Stabilising performance after a major kernel revision

A topic related to upstreaming patches on kernel forks related to embedded platforms is currently being discussed for Kernel Summit 2016. This is an age-old topic related to whether it is better to work upstream and backport or apply patches to a product-specific kernel and worry about forward-porting later. The points being raised have not changed over the years and still comes down to getting something out the door quickly versus long-term maintenance overhead. I’m not directly affected so had nothing new to add to the thread.

However, I’ve had recent experience stabilising the performance of an upstream kernel after a major kernel revision in the context of a distribution kernel. The kernel in question follows an upstream-first-and-then-backport policy with very rare exceptions. The backports are almost always related to hardware enablement but performance-related patches are also cherry-picked which is what my primary concern as Performance Team Lead is. The difficulty we face is that the distribution kernel is faster than the baseline upstream stable kernel is and faster than the mainline kernel we rebase to for a new release. There are usually multiple root causes and because of the cherry-picking, it’s not a simple case of bisecting.

Performance is always workload and hardware specific so I’m not going to get into the performance figures and profiles used to make decisions but the patches in question are on a public git tree if someone was sufficiently motivated. There may be an attempt to update the -stable kernel involved without a guarantee it’ll be picked up. Right now, it’s still a work in progress but this list gives an idea of the number of patches involved;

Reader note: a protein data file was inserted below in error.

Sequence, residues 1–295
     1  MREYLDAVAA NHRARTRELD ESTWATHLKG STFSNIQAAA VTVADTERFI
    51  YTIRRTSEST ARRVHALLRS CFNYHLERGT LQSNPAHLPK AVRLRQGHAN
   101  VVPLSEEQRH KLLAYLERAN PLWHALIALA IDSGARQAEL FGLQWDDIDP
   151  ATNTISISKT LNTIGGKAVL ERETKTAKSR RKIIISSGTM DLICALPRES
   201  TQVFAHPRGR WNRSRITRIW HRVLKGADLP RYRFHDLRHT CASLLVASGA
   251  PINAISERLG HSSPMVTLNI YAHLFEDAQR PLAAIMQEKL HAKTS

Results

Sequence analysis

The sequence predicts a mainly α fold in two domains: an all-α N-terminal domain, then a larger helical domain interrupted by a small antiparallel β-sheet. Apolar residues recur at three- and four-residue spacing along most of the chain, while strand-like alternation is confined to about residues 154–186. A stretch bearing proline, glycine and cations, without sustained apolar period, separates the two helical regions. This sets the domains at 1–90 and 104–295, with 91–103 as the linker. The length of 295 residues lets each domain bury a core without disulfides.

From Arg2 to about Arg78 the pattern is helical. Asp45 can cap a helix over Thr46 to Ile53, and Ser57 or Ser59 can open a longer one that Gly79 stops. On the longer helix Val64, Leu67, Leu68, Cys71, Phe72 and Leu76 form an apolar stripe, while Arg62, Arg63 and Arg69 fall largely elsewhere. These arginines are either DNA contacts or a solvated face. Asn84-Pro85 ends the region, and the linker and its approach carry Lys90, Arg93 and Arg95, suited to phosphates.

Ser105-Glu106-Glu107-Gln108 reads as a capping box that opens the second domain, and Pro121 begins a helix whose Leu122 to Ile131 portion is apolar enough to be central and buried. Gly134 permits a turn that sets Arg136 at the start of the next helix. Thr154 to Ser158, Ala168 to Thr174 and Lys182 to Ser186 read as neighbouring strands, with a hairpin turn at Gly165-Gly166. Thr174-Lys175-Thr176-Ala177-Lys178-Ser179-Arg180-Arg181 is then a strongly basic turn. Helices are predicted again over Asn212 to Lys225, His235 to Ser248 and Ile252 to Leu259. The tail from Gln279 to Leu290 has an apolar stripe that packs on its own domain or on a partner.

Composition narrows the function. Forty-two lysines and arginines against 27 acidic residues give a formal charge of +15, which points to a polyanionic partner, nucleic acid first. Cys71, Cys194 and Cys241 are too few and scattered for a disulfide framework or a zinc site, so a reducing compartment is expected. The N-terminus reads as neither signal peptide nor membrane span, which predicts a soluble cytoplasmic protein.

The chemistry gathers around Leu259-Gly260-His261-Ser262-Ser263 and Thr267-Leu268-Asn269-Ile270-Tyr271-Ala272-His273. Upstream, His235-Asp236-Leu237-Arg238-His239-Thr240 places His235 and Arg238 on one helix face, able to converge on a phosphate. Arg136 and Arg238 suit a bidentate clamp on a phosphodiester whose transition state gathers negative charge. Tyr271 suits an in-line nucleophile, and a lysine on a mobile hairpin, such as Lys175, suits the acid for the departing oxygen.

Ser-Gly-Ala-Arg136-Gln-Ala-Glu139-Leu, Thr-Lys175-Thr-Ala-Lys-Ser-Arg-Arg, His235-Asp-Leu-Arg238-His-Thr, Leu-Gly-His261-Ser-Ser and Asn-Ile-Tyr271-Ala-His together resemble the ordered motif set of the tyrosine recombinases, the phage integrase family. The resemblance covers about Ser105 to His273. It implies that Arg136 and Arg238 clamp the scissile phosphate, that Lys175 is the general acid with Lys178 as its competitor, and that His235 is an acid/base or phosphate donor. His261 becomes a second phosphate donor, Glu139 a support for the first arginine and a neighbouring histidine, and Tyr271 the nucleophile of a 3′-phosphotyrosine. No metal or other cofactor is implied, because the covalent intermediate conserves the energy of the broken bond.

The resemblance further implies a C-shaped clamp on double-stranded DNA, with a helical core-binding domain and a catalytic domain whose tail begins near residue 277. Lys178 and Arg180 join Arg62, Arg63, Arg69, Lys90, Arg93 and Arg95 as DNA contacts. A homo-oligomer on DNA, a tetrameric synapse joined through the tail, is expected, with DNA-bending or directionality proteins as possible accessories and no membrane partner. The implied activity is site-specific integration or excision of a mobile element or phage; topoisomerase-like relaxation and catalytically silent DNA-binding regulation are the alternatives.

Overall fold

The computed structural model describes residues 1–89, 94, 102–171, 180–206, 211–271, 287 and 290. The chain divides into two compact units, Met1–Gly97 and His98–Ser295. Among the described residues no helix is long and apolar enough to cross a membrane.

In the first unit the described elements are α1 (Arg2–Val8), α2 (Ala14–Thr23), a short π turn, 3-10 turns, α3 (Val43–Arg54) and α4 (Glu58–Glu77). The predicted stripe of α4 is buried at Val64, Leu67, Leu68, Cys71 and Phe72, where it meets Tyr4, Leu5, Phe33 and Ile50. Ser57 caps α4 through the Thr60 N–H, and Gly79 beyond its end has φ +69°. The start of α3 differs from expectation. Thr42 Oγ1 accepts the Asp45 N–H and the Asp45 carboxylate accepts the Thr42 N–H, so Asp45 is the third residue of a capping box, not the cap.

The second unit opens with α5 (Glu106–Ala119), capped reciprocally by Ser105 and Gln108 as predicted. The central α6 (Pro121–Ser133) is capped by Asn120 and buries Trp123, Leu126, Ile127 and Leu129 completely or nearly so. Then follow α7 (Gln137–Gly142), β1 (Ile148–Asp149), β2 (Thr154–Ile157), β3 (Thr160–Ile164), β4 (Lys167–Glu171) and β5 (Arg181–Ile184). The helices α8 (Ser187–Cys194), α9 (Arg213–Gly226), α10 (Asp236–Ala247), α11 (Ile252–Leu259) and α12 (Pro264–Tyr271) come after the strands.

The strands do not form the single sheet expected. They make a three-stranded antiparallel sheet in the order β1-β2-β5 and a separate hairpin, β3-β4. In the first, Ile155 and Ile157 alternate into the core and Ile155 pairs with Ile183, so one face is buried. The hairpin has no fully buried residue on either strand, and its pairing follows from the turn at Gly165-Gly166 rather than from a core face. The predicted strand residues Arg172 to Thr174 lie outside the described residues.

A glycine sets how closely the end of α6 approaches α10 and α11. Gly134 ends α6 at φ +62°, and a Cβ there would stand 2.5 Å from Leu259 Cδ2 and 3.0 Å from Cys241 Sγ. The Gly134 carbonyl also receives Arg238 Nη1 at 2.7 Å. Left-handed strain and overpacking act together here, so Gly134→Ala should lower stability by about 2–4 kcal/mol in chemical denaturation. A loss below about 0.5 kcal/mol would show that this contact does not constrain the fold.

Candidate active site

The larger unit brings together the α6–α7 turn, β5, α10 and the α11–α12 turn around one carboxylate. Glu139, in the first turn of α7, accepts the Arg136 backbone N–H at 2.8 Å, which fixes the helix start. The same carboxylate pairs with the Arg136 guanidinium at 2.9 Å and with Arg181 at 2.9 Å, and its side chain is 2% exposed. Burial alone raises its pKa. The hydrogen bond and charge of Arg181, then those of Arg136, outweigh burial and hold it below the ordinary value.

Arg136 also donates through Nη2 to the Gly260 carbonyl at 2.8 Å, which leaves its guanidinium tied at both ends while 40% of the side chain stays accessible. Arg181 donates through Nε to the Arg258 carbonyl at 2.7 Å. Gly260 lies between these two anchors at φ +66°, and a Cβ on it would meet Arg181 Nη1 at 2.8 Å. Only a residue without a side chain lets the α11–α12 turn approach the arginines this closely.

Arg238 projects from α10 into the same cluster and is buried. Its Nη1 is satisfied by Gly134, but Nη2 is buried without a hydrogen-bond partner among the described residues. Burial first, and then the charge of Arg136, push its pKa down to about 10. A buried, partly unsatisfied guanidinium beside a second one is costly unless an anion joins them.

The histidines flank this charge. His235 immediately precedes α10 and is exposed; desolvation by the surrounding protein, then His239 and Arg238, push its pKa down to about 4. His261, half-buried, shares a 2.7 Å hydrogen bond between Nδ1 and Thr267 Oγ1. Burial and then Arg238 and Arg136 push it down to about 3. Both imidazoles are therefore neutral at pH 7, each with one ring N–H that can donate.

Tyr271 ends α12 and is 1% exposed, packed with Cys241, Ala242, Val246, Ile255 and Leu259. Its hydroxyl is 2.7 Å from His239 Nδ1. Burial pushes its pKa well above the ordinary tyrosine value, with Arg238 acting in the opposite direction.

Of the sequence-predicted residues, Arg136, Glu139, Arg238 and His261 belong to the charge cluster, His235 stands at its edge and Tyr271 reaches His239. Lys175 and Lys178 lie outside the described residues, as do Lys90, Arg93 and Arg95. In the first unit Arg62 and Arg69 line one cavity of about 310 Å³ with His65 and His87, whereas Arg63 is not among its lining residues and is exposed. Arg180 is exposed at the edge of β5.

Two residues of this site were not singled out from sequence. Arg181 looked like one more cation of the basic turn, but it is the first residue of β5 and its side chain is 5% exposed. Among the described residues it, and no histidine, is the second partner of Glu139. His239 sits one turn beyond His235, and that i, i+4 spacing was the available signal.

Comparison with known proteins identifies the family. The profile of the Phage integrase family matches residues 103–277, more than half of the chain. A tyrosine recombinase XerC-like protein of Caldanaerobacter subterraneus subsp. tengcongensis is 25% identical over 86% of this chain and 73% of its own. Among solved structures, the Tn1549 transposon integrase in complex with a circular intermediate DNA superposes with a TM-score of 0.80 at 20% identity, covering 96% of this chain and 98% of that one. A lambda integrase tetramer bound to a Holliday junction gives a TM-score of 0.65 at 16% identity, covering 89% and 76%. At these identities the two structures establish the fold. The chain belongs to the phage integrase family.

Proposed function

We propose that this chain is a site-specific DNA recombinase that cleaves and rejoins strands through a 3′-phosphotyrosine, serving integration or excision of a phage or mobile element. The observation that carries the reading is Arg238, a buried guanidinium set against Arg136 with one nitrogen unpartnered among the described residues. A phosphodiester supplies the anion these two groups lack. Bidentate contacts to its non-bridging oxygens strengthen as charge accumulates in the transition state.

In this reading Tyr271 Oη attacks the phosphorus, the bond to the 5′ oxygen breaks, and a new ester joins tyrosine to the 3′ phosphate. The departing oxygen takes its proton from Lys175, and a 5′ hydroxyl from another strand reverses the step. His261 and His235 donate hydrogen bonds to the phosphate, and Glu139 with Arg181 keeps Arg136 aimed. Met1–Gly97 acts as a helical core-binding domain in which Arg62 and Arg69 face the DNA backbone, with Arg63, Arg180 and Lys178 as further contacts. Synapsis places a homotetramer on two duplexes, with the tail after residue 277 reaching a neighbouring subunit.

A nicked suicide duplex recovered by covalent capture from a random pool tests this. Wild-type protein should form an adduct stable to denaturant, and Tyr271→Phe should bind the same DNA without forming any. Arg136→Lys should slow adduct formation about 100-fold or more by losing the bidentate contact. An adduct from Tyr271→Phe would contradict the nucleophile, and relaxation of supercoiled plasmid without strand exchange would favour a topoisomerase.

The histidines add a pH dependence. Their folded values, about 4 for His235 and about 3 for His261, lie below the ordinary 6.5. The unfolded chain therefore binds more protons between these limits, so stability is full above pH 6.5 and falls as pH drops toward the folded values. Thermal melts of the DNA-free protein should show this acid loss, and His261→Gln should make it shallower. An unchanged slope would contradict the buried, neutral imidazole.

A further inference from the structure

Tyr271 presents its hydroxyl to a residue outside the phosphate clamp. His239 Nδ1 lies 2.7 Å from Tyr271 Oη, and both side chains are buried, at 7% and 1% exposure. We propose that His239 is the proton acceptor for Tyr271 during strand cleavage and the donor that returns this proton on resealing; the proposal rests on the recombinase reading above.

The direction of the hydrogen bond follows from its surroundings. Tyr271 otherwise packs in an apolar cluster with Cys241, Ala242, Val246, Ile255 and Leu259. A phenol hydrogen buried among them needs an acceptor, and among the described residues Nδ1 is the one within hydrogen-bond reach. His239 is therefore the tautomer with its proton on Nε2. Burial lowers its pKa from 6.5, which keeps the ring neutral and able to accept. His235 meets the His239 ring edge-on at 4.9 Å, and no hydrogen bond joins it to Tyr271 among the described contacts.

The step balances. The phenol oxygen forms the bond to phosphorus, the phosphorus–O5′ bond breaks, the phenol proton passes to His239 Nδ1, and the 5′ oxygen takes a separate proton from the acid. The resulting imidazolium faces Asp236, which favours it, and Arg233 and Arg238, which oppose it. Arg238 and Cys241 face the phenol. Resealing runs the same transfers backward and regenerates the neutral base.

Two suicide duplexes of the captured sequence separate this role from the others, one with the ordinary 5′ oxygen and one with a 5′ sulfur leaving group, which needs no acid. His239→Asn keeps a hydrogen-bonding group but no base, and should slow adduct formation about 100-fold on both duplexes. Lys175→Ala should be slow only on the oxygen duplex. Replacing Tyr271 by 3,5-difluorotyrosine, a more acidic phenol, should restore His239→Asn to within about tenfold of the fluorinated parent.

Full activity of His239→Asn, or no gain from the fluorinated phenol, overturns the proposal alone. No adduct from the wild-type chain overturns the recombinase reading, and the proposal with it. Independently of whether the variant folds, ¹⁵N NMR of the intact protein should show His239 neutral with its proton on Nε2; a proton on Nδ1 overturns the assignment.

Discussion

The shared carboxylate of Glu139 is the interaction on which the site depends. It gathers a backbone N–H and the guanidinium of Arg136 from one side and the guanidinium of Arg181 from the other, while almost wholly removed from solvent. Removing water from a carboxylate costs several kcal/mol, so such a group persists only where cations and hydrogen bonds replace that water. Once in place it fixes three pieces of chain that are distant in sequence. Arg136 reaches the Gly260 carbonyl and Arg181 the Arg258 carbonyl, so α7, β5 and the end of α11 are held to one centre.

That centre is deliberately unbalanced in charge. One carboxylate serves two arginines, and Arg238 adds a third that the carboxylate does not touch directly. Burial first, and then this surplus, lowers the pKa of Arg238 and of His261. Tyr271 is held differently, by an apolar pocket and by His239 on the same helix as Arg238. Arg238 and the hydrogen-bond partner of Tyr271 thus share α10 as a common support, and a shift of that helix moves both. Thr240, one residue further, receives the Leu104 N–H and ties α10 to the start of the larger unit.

• 6 months stabilisation effort spread across 8 people
  • 89 patches related to performance that could be in -stable
  • More patches already merged to -stable
  • +5 patches reducing debugging overhead
  • +4 patches related to vmstat handling
  • +2 patches related to workqueues
  • +8 patches related to Transparent Huge Page overhead
  • +3 patches related to NUMA balancing
  • +30 patches related to scheduler
  • +70 patches related to locking
  • Over 4000 patches related to feature and hardware enablement

This is an incomplete list and it’s a single case that may or may not apply to other people and products. I do have anecdotal evidence that other companies carry far fewer patches when stabilising performance but in many cases, those same companies have a fixed set of well-known workloads where as this is a distribution kernel for general use.

This is unrelated to the difficulties embedded vendors have when shipping a product but lets just say that I have a certain degree of sympathy when a major kernel revision is required. That said, my experience suggests that the effort required to stabilise a major release periodically is lower than carrying ever-increasing numbers of backports that get harder and harder to backport.